Re: Become a tech writer in only 70 hours

Subject: Re: Become a tech writer in only 70 hours
From: George Mena <George -dot- Mena -at- ESSTECH -dot- COM>
Date: Fri, 12 Jun 1998 10:21:51 -0700

Bob,

It sounds like you're talking about the Webster Institute of Technical
Writing, run by Dorothy Webster of Webster & Associates of San
Francisco. From what I've heard, you do in fact get that sort of
training on the "tools of the trade."

Whether or not that certificate is really worth its weight in gold,
however, is a *completely* different matter. I don't know of *any*
privately run school -- especially one run by a job shop! -- that will
adequately prepare someone for a tech writing career without also giving
the student the exposure I (and a few others) consider essential to
really make it in this extremely demanding and diversified business. I
seriously doubt, for example, you're really going to get the hardcore
knowledge necessary to understand how to document an API or how to
understand microprocessor architecture basics. Knowing how to describe
the functionality of a multiplier-accumulator in a digital signal
processor's architecture (and how to understand how registers work) is
*not* something *anyone* can pick up in such a compressed time frame!

My perception of the Webster Institute is that the "school" helps the
job shop stay in business via the tuition, then sends the graduate out
to interview at one of the jobs the shop has available. An interesting
way of running a business, yes. The professionalism of the graduate on
the job, however, is another thing entirely. Were I a potential
employer, I'd be *very* suspicious of someone with the piece of paper
from there because of the lack of exposure to the technologies that many
real-life tech writers have to understand in order to adequately
document it.

This falls into the rather ignorant contention that someone on this list
once made in saying that "Anyone can write." That is, in my
professional opinion, emphatically NOT TRUE!!! Some time ago, I posted
something I called "food for thought" in ensuring the professional
standards for technical writers remained as high as possible. This was
the case for the Registered Technical Writer, just like we have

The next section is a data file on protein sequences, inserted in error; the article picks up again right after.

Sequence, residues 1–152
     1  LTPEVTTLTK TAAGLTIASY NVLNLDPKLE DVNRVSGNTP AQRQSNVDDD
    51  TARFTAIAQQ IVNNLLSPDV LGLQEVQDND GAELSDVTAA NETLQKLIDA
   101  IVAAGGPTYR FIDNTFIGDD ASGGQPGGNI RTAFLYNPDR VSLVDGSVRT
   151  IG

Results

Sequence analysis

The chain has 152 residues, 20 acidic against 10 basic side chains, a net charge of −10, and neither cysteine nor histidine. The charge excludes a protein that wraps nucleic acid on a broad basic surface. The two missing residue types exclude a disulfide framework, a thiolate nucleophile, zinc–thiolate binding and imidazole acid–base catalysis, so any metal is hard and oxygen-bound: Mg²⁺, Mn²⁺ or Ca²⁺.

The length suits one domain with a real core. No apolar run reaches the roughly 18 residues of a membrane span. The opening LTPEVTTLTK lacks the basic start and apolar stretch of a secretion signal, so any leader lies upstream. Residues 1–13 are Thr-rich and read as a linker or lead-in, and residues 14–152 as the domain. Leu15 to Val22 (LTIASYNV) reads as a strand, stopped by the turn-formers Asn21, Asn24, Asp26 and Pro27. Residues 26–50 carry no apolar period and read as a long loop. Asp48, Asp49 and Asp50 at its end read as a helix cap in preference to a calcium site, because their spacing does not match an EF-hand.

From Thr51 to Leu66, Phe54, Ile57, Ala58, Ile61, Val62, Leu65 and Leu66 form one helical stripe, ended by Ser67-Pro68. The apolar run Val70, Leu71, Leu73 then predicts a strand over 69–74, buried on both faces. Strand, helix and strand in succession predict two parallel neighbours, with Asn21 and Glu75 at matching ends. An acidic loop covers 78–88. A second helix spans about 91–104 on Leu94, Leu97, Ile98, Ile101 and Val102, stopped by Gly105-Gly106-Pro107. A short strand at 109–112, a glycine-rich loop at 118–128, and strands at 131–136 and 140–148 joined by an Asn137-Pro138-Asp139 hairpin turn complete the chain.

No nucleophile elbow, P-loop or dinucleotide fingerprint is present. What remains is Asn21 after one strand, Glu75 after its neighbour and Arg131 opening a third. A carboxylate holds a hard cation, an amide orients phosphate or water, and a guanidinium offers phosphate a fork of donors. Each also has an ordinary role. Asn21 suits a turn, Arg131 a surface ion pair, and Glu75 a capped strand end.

Registered Professional Engineers, properly licensed by the various
states' Labor Departments (in California, it's via the Division of
Apprenticeship Standards, governed by the Department of Industrial
Relations.).

Testing for the professional license would be patterned after the
Fundamentals of Engineering / Engineer-In-Training exam that many
engineers of various disciplines must take in order to remain
professionally credentialed. Right now, even the four-year schools, to
the best of my knowledge, don't prepare their students for that. I
think they should. There's absolutely nothing wrong with testing
Registered Technical Writer candidates on fundamentals of operating
systems, fundamentals of programming languages, fundamentals of
mechanical engineering or fundamentals of digital electronics and
microprocessors, *especially* if these candidates want to get into these
fields -- and especially if they already have several years of industry
experience!

Next. :D

George Mena

> -----Original Message-----
> From: Bob Morrisette [SMTP:writer1 -at- SABU -dot- ENG -dot- SUN -dot- COM]
> Sent: Friday, June 12, 1998 8:43 AM
> To: TECHWR-L -at- LISTSERV -dot- OKSTATE -dot- EDU
> Subject: Re: Become a tech writer in only 70 hours
>
> I just heard a commercial on KGO in San Francisco that offers
> to train you to make big money as a technical writer in 20 weeks.
> They suggest that you be a college graduate and know computers.
> The instructors are all working writers.
> Classes are 3.5 hours, once a week. They teach FrameMaker, RoboHelp,
> and HTML. You receive a "Certificate in Technical Writing."
> This school is part of an agency/head hunting firm owned by a person
> I know to be legitimate.
>
> Are there other schools like this around the country? Could this
> become
> a trend while there are so many jobs open in technical writing?
> Is this a good way for someone to "get started" in tech writing?
>
> The tuition is $3900, which includes lab time evenings and Saturday.
>
> Bob Morrisette
> writer1 -at- Eng -dot- Sun -dot- com
>
>
> &^~~~
> Send commands to listserv -at- listserv -dot- okstate -dot- edu (e.g., SIGNOFF
> TECHWR-L)




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